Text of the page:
TPT Freebie: Long Division PowerPoint

Long Division FREE Sample Title

This item is an introductory sample for my new Long Division series. The FREE product is available here:–2495918

A slide from the lesson…


Long Division Slide

Here’s a link to the first installment in the series:

The product offers 3 interactive PowerPoint lessons and 9 worksheets for the low price of $3.

A “How To” for Multiple Choice Reading Tests

While I’m not an advocate of the modern testing culture, I do believe that children who are subjected by law to having the quality of their minds assessed by state-mandated multiple choice tests should be given the best possible chance to prove that they are valuable commodities.

Multiple Choice Title The following products were designed to help students navigate their way safely through the common snares found in multiple choice reading tests:

Introducing the Common Types of Multiple Choice Reading Questions:

Multiple Choice Reading Practice Set #1:

Free Sample:

What If?

Originally published by AMERICANSCAPEGOAT.COM

January 7, 2016

book-933280_960_720Approximately 2.4 million students who attended American public schools in 2011 were classified as learning disabled.

Approximately 80% of those students (or nearly 2 million) had a reading disability.

Students who are labeled as learning disabled in reading must first demonstrate that their skills are “well below the average range of scores in culturally and linguistically appropriate tests of reading.”

Prior to diagnosing any learning disability, students are screened to ensure that health impairments, such as vision and hearing deficiencies, are not the cause of their reading difficulties.

There is no test to measure the quality of the reading instruction that students receive prior to being diagnosed with a reading disability.

What if some of those nearly 2 million students who were diagnosed with a reading disability failed to receive effective reading instruction prior to being evaluated?


A Message of Hope for the New Year

Our world is filled with problems.  Many of them seem so unfixable that millions of Americans have begun to lose hope in a better tomorrow.  Rather than give in to the fearful messages of doom heaped upon us by the media, along with well-meaning Facebook friends, let us take a moment to reflect upon something that we can hold close to our hearts as whatever it is that causes the lengthening of days to happen brings us nearer to the light of spring and a new beginning.

Continue reading A Message of Hope for the New Year

Book Study #1: Best Preface Ever!

Originally published by AMERICANSCAPEGAOT.COM

November 11, 2015

JohhnyAn eagerly awaited copy of Why Johnny Can’t Read: And What You Can Do About It arrived in the mail today.  If it’s true that you can judge a book by the opening paragraph of its preface, this is going to be a delightful read.


This double-purpose book, with its rather awkward double-purpose title, needs a bit of explanation.  Let me put it this way: Just as war is “too serious a matter to be left to the generals,” so, I think, the teaching of reading is too important to be left to the educators.  This book, therefore, is not addressed to teachers and teachers’ college professors but to fathers and mothers.  I tried, to the best of my ability, to write a book they can use to help their children read.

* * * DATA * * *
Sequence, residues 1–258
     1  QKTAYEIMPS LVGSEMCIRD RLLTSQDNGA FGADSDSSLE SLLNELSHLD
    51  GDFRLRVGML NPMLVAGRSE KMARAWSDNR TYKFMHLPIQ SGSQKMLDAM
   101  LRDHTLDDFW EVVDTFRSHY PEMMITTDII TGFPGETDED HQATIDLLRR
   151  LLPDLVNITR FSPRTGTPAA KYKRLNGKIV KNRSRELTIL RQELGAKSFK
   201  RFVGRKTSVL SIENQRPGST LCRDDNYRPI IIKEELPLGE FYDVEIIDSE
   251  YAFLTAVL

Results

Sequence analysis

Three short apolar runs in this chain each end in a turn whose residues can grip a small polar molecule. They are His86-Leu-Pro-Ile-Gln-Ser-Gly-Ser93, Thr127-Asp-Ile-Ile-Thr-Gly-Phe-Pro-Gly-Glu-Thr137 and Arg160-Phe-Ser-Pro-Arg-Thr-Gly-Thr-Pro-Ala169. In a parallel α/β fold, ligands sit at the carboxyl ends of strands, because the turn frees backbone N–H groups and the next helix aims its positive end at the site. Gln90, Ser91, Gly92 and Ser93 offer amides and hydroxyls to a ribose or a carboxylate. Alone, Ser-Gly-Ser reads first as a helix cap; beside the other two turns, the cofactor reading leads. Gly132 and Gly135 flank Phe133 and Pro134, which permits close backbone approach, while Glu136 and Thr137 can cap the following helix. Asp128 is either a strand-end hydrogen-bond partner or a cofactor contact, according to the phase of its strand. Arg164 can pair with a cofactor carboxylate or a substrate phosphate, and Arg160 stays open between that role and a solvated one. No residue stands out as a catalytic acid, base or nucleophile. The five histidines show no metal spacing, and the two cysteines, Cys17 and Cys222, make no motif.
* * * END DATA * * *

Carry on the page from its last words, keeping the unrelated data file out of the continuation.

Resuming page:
-Rudolph Flesch

To Kill a Mockingbird Is Less Rigorous Than Diary of a Wimpy Kid: Cabin Fever!

Originally published by AMERICANSCAPEGOAT.COM

October 30, 2015Mockingbird

Renaissance Learning, Inc., those folks who brought us the abominable Accelerated Reading program, have published an interesting study detailing a survey of commonly read books among American public school children.  One of the most interesting aspects of this report is that it includes the AR reading levels* of each book.  Here are a few of the revealing highlights:

Of Mice and Men (4.5)

Captain Underpants and the Attack of the Talking Toilets (4.7) Continue reading To Kill a Mockingbird Is Less Rigorous Than Diary of a Wimpy Kid: Cabin Fever!

Just a Quick Thought #7: Postmodernism Is Only the Beginning

Originally published by AMERICANSCAPEGOAT.COM

October 28, 2015


We tell children to trust their feelings, listen to their hearts, and pursue their passions.  We celebrate their uniqueness and all of the differences that make them special.  We praise their smallest attempts at creative expression.  Then, we pull the rug out from under them right when it really counts.  We stop preaching individualism in matters relating to the mind.  When it comes to thought, we train children to blindly trust experts and we shame them for making any value judgments that fall outside of well-established boundaries.  Once a child is conditioned to accept that the right to speak confidently is a privilege granted by experts, and that there are too many fields of study for one person to “know it all,” a new kind of person has been created, one who believes that self-doubt is the beginning of wisdom.